Rajesh Redefines what Strong Relationships Mean
Rajesh is an extremely senior and successful sales leader in a global corporation in the technology industry. He has had a very successful track record and has always been seen as a dependable hand when it came to getting things done. Be it a tough client or a difficult project or a major initiative, if things had to be moved and people mobilized and results delivered, Rajesh was the man. Rajesh loved being called upon to help in this fashion, especially by senior stakeholders and he never disappointed. Until of course it was his turn to be disappointed. Rajesh was expecting a big role in return for all the things he had done and unfortunately for him, that did not happen.
That is when Rajesh’s manager suggested that he work with a coach to figure out what was coming in his way and we started working together.As Rajesh and I started working together, we realized his many gifts – high energy, optimism, results focus, communication skills, an informal style and of course very strong relationships. If Rajesh had a second name that would be “relationships”. His view was that relationships were everything. Be it customers, senior stakeholders, his managers, his team members, his friends – it was all about relationships. He would constantly see how he could help. Being nice, liked, loved, appreciated, were important and going to great lengths for this kept him preoccupied.
He believed that relationships would always pay. Unfortunately, this came at the cost of results with the team, strategic thought in a critical interaction, misplaced humor in a social setting and inability to assert or take a stand in peer relationships. After our initial explorations, we started looking at feedback from his stakeholders and many things fell in place. The moment Rajesh was able to see these unintended consequences in his singular quest to build and maintain relationships, he was able to start making quick changes.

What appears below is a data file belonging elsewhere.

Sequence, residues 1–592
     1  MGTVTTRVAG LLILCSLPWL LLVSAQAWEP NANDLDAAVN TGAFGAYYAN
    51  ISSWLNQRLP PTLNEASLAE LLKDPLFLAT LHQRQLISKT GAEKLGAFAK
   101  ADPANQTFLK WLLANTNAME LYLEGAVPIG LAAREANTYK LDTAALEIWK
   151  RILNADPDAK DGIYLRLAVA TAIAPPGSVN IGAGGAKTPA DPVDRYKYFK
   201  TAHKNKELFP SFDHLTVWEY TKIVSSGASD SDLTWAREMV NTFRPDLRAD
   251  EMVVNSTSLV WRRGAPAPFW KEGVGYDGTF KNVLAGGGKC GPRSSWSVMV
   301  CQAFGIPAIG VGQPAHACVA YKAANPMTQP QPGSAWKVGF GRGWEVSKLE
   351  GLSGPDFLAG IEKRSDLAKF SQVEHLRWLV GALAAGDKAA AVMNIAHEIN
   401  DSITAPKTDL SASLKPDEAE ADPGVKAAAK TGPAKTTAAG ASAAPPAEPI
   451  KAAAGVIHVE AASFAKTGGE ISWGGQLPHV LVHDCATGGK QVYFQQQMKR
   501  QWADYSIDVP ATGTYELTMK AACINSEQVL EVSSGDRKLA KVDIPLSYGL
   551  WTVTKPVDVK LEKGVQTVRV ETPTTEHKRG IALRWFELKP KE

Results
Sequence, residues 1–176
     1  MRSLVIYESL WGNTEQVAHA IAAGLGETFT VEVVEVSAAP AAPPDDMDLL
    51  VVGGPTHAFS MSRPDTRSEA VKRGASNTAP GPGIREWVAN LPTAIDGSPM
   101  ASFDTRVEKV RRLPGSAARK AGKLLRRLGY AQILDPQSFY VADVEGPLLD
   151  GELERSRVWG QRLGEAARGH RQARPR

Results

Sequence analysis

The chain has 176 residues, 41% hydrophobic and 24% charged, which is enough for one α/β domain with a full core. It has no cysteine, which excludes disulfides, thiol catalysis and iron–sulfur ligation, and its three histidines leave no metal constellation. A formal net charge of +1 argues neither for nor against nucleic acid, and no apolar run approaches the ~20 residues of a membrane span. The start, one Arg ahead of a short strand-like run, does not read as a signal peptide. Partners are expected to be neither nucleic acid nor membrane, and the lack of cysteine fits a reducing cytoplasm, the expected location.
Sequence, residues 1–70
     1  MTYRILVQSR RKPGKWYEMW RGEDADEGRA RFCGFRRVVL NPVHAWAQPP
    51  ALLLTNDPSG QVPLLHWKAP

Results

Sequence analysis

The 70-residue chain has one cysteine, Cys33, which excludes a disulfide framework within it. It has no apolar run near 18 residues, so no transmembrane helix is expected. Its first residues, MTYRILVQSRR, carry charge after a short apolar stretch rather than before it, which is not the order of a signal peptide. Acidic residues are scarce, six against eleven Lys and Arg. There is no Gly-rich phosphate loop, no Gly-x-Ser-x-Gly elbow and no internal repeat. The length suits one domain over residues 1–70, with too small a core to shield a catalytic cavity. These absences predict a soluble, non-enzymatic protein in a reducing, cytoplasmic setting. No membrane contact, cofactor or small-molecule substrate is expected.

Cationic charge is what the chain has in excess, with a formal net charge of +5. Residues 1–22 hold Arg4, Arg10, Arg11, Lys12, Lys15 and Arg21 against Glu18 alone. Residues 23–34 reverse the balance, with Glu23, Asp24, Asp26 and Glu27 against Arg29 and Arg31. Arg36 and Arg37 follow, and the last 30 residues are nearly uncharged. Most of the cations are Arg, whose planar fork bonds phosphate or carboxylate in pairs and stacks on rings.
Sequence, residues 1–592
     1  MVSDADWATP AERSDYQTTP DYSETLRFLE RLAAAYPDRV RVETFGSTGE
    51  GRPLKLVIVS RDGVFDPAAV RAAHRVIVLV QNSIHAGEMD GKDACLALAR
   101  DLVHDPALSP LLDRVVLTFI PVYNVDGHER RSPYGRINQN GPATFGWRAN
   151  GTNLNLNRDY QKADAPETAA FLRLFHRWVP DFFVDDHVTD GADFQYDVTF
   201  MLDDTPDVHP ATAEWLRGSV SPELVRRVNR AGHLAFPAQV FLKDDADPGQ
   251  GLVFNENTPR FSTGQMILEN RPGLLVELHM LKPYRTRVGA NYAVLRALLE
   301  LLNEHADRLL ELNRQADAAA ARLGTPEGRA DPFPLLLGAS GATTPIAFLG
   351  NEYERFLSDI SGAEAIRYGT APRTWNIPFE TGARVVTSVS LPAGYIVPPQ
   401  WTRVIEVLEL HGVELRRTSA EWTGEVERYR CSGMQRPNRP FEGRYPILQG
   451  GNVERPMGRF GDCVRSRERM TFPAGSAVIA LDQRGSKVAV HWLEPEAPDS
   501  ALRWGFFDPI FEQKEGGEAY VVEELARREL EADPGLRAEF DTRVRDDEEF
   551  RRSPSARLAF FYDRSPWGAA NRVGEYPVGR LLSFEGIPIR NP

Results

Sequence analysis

Rajesh and I started discussing ways in which he could be more deliberate, thoughtful and strategic in his everyday actions. He also confronted some of his unhelpful ways of thinking that were contributing to his over using his “relationship” skills. It took Rajesh several months of contemplation, action, continuous feedback and the support of a peer network to make progress. Difficult business circumstances and people circumstances served as fertile test grounds for Rajesh to try his new behaviours.
Today, Rajesh is able to demand performance and take a stand with peers on professional matters. He focuses on substantive issues in meetings, lets his competence rather than his charm do the talking and no longer goes out of his way to be seen as likeable and popular.
The intent of these client stories is to illustrate the typical development needs that leaders encounter – needs that come in the way of delivering peak performance. The focus is not on the “how” or the methods adopted by the coach to help the coachee.The identity of the coach and the coachee have been concealed to preserve confidentiality.